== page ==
Ben is our Marketing Executive, and in December 2021 he travelled to Egypt on our King Tutankhamun 10-day group tour. Of all the multiple highlights, including the Pyramids and a Nile-felucca cruise, it was the tomb-strewn Valley of the Kings that really took his breath away. Read on as he takes us inside the Valley of the Kings! Warning: This article features images of ancient Egyptian mummies, which may be disturbing to some readers!
COVID-19 put paid to my first On The Go Tours trip to Jordan in March 2020, as borders around the world slammed shut. I wasn’t going to let it get the better of me this time. I flew into Cairo on 9 December 2021 full of anticipation. I’d never been to Egypt before, and although I knew quite a bit about the country (you get that when you work for On The Go), I was desperate to get started. Eight days later, having seen the mighty Pyramids, sailed to Philae Temple in Aswan, explored Karnak and cruised the Nile aboard a felucca, I thought things couldn’t get any better. But it was on the final full day of my tour, when I visited the legendary Valley of the Kings in Luxor, that my experience in Egypt really peaked. Here’s why!
Arriving at the Valley of the Kings
Crossing to the West Bank of the Nile by boat, my group was picked up by minibus, from where we travelled towards the Valley of the Kings. We passed the towering statues of Amenhotep III, known as the Colossi of Memnon (returning here later for photos). We also got a glimpse of the hilltop house of Howard Carter, the archaeologist who discovered the tomb of King Tutankhamun in 1922. Arriving at the visitor centre, we saw an amazing scale 3D model of the site, which makes you realize how far down and into the rock some of the tombs go! We then took a small train up the hill to the tombs.
Only a few of the 62 tombs at the site are open to visitors at any given time. But our guide, Alam, knew exactly which of the available tombs were the best ones to visit. You get into three tombs with your entry ticket. A note that if you want to visit the tomb of Tutankhamun (which you absolutely should!) then the cost is not included in your entry ticket. It costs an extra 400 Egyptian pounds (approx £20 GBP). Tickets checked; it was now time to head inside the Valley of the Kings!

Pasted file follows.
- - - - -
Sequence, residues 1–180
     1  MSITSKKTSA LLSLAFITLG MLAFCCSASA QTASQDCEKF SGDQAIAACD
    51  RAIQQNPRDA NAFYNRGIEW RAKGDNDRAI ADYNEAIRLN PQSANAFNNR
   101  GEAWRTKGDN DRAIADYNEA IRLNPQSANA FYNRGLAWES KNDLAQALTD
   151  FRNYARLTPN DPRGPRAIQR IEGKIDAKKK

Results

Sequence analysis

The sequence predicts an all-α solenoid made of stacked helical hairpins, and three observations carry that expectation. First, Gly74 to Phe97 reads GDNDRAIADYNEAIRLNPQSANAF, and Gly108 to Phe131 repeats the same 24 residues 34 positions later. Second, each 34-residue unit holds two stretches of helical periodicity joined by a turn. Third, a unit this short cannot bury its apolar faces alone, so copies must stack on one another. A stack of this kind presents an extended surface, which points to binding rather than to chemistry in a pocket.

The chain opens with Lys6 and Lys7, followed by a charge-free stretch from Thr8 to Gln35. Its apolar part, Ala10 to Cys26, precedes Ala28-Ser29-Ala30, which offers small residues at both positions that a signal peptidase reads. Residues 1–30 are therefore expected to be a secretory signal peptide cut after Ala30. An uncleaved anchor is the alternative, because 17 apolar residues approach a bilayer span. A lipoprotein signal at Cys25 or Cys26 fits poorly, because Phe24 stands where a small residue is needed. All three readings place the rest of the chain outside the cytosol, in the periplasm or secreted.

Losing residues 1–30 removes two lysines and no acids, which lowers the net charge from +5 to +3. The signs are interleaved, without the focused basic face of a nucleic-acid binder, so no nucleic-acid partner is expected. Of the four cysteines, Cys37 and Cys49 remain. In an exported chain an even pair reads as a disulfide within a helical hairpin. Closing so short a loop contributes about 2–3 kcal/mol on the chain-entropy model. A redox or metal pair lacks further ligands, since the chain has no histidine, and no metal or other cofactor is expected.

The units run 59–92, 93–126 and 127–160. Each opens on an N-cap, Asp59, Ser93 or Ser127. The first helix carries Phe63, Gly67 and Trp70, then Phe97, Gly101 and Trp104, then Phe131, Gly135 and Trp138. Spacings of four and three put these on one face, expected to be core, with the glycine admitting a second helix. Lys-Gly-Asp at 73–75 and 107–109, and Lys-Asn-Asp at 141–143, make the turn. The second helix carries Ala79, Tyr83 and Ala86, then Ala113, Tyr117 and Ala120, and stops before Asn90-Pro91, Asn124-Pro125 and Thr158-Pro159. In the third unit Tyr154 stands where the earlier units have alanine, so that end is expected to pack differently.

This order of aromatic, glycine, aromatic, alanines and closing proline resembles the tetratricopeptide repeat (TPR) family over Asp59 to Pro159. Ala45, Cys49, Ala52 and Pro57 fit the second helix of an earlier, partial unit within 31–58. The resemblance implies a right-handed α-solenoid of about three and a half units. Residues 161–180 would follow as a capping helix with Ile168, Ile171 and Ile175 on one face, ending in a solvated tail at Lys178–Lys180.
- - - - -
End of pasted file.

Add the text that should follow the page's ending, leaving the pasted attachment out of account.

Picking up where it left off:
Tomb 1: K.V.6 (Ramses IX)
The first tomb we explored was a “classic” style of tomb. A steep passageway descended fairly sharply straight down to a burial chamber, where the king’s sarcophagus once rested. The passageway down to the chamber was decorated in hieroglyphics, still holding much of their original colour. Colours in Ancient Egypt were created from natural resources including plants and rocks. The Ancient Egyptians were able to mix them to create secondary colours as well as primary ones.
When an Egyptian pharaoh came to power, his or her first priority was almost always to begin construction on a tomb, the afterlife being so central to the entire civilization. The hieroglyphs carved onto the walls tell the history of the king or queen. This includes tales of their greatest successes in policy and battle. They also feature traditional funerary texts, all told in hieroglyphics. So the tombs were constantly being worked on until the day the ruler died.
The tomb of Ramses IX boasts some of the best-preserved hieroglyphs inside the Valley of the Kings, as you can see from the images displayed here. I was astounded at the state of them, I had no idea that so much of the colour would still be visible. Relatively little is known about the reign of Ramses IX, but he is thought to have been a grandson of Ramses III. There is also a wall dedicated to him at Karnak.
Tomb 2: K.V.8 (Merenptah)